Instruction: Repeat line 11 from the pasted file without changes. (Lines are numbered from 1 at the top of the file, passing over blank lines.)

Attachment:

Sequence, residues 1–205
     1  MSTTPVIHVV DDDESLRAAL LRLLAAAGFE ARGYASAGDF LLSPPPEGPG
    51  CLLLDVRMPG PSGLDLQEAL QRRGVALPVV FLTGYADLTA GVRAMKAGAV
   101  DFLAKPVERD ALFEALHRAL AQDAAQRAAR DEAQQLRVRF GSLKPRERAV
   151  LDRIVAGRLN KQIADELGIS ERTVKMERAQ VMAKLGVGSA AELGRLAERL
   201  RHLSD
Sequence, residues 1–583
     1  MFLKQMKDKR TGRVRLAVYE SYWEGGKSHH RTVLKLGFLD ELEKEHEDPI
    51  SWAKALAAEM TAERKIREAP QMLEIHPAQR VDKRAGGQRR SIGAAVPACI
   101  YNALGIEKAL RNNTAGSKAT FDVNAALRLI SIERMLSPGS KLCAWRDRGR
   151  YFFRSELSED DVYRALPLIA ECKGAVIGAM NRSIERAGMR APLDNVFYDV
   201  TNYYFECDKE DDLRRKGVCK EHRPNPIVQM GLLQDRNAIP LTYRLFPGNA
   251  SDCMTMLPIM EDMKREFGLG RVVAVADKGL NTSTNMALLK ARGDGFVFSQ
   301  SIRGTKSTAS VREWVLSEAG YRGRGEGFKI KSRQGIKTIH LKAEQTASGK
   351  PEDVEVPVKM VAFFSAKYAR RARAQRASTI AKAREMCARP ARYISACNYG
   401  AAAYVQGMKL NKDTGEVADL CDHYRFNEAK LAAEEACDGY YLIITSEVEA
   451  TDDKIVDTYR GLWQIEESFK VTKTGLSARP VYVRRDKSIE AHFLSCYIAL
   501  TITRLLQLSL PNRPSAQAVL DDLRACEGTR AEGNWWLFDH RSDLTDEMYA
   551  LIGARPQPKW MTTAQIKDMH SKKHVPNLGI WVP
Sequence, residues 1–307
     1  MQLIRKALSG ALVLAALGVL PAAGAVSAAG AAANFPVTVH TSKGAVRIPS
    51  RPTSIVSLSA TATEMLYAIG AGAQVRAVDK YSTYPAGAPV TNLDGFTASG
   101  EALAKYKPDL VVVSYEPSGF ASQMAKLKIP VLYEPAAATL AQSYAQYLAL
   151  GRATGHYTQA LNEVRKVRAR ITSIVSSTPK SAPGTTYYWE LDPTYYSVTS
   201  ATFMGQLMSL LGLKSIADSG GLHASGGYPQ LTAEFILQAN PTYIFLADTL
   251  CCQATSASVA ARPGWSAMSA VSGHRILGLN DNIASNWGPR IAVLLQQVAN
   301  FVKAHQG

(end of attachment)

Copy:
   151  YFFRSELSED DVYRALPLIA ECKGAVIGAM NRSIERAGMR APLDNVFYDV